Origin ] Heuristics ] [ Pareto Law ] Theory ] Examples ]
  Pareto Law
The law of the vital few and the trivial many.

Half the money I spend on advertising is wasted, and the trouble is I don't know which half.

Viscount Leverhulme


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In the late 1800s, Vilfredo Pareto, an economist, established that 80% of the land in Italy was owned by 20% of the population. This was the first instantiation of a socio-economic law that soon appeared to have universal scope.

The Pareto law, in its generalized form, states that 80 % of the objectives - or more generally the effects - are achieved with 20 % of the means - or more generally the causes or the agents. Subsequently, it takes 80 % of the means to achieve the remaining 20 % of the objectives. In other words, the cost required to move from 80 % to 100 % of the objective is four times bigger than the one required to move from 0 % to 80 %.

Practically, this entails that, beyond a certain threshold, the marginal cost of improving a situation further (e.g. to increase one's market share in a given market segment) becomes prohibitively high.

Hereafter are a few examples where the Pareto law typically applies:

bullet80 % of a stock is filled with 20 % of the products 
bullet20 % of the customers account for 80 % of the sales volume
bullet80 % of the profit is achieved with 20 % of the customers (not necessarily the same 20 % as the ones who achieve 80 % of the sales)
bullet80 % of the wealth is owned by 20 % of the persons (this proportion is highly variable from country to country. It would be interesting to correlate that proportion with the quality of life per country)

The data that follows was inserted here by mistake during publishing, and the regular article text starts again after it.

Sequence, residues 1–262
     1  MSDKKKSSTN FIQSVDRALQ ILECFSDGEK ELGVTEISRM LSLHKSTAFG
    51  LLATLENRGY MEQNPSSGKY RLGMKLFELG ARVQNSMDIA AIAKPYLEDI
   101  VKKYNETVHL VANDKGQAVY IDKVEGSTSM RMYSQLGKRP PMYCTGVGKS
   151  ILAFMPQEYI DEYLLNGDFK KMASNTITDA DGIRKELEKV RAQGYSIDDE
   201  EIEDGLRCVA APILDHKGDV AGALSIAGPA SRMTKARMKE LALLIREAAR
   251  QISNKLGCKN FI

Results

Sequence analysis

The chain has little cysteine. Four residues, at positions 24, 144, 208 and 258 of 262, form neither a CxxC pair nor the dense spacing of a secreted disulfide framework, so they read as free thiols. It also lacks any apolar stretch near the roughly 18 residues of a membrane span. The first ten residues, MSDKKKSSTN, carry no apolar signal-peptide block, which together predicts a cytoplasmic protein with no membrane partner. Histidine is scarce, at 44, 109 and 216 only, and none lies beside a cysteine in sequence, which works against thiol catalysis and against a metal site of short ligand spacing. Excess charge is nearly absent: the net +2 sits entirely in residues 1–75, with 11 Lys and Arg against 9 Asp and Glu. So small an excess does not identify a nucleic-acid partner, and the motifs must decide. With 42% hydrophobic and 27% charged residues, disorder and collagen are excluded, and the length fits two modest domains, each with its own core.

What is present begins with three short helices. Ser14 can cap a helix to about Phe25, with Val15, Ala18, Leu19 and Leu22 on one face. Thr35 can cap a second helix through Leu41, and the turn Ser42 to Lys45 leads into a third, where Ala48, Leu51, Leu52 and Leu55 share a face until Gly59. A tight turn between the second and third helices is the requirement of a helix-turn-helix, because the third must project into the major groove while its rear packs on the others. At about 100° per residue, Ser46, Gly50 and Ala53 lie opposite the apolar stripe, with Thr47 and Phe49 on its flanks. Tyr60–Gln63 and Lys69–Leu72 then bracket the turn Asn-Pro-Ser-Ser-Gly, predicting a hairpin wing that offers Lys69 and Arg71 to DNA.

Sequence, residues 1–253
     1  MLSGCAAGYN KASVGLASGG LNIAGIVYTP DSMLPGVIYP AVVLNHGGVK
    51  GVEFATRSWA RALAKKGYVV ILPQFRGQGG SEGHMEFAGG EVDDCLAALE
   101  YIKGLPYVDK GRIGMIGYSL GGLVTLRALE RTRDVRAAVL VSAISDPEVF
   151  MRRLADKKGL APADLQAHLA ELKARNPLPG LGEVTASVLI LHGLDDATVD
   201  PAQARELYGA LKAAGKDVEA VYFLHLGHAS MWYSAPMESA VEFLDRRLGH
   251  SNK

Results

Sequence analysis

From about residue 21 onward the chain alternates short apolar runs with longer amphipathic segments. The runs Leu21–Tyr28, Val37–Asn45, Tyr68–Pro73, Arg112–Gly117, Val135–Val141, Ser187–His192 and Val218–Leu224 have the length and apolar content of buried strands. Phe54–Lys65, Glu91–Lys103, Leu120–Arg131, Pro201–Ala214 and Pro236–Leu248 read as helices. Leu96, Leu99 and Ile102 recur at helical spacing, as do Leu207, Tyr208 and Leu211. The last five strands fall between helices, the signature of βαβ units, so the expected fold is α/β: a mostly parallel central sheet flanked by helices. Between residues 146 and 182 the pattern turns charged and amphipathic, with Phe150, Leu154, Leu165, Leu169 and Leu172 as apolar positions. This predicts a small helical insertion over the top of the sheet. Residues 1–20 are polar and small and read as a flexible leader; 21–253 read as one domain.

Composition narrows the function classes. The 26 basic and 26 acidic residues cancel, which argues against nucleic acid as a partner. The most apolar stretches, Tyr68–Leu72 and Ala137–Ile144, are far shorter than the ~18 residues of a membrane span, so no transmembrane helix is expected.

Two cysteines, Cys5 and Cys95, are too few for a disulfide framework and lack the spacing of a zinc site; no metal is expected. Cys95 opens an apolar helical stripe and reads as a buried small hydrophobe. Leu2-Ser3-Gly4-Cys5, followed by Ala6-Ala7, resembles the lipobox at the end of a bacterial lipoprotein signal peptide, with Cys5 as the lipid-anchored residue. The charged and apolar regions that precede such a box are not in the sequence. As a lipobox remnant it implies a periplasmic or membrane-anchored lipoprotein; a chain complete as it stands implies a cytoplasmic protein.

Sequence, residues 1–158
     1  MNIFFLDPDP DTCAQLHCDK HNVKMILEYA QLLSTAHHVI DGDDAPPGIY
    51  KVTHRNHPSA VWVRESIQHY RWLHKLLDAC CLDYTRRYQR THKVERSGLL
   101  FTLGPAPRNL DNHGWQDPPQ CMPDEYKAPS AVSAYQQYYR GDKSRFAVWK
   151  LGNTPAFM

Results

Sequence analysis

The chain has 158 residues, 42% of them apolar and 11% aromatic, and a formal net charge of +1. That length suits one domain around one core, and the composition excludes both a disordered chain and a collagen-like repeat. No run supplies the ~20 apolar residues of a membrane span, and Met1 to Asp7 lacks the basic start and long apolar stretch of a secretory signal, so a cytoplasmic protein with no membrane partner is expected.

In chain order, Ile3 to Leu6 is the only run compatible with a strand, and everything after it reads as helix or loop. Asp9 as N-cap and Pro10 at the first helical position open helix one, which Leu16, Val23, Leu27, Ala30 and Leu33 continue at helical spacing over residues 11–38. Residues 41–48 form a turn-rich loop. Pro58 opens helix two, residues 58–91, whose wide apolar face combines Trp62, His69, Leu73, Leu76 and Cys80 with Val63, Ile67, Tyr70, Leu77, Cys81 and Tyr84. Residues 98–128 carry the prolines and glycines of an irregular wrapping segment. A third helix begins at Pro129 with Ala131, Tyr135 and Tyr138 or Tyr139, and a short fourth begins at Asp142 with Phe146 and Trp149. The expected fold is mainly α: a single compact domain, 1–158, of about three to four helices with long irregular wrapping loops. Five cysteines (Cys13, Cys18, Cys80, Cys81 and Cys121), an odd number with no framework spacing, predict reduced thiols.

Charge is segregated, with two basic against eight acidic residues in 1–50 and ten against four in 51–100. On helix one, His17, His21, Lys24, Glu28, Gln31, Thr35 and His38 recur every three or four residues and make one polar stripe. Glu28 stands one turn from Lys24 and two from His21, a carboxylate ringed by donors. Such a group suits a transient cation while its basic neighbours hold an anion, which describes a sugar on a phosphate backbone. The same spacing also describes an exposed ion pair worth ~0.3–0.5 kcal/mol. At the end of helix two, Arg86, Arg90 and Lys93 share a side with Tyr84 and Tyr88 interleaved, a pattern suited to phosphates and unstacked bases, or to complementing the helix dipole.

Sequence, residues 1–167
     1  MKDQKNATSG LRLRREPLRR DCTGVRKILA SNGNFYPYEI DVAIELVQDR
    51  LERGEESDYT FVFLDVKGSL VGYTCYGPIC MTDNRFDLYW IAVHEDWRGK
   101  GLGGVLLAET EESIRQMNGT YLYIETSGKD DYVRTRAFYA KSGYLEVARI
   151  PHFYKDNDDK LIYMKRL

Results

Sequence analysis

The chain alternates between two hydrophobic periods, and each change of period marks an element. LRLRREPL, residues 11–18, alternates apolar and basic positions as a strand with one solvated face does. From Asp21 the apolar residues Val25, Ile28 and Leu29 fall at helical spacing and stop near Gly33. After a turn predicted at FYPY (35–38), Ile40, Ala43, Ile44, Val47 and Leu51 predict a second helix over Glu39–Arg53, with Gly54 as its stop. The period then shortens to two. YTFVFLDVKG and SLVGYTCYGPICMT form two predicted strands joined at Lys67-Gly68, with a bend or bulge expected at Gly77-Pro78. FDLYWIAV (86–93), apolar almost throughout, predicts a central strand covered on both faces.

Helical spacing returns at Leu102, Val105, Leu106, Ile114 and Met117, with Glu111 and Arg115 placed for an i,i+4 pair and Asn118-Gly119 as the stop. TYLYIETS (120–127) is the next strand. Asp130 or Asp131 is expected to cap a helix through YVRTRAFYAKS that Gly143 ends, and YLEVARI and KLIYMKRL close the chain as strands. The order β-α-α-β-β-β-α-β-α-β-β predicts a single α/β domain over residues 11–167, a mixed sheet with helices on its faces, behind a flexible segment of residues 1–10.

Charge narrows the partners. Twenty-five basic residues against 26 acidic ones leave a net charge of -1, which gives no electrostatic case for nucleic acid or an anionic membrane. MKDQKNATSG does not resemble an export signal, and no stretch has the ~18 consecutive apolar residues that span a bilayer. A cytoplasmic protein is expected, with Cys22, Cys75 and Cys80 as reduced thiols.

bullet80 % of the traffic pollution is produced by 20 % of the vehicles
bullet20% of the advertising yields 80% of your campaign's results
bullet80% of customer complaints are about the same 20% of your projects, products or services

What these figures all tend to point out is that a high level of efficiency (typically 80 %) is achieved with limited means (typically 20 %) but a “near-perfection” efficiency is - relatively speaking - much more expensive.

Those figures are but rough approximations. They all emphasize the highly non-linear distribution of causes and effects or of means and objectives. More often than not that proportion is even exacerbated. 

bulletIn the car rental industry  the top 0.5 percent of customers rent some 25 percent of cars. 
bulletIn the United Kingdom the top 6 percent of cola drinkers drink 60 percent of all colas sold. 
bulletThe top 5 percent to 15 percent of U.S. long-distance callers make 55 percent to 60 percent of all long-distance calls. 
bulletAt one Midwest bank (in the US), the top 27 percent of customers accounted for 100 percent of profit and covered the losses incurred by the 31 percent of customers on whom the bank was losing money.
bulletMore generally the retail banking sector tends to have a much higher value-skew than other industries : 10 percent of a bank's retail customers can represent 90 percent of its retail profits.
bulletA few percents of the code of an IT program is sufficient to process almost all situations. The bulk of the code (more than 95 %) is geared toward handling exceptions that but exceptionally occur (in less than 5 % of the cases).

Analytical CRM (Customer Relationship Management) is about finding out which customers, prospects and suspects are among the vital few illustrated by those examples. This requires outstanding application integration and reporting capabilities that few companies actually achieve.

That skew in the contribution to the business benefits might look dreadful but the good news is for almost all businesses one can be as selective as one wants to. A business can skim the most profitable fringe of its market, reap large profits while reducing costs and then expand to another market segment, to another economic sector or to another territory. 

Should you be interested in exploiting that leeway to increase the Pareto efficiency of your organization at delivering customer value, do not hesitate to contact us.

Ó IT Cortex

Origin ] Heuristics ] [ Pareto Law ] Theory ] Examples ]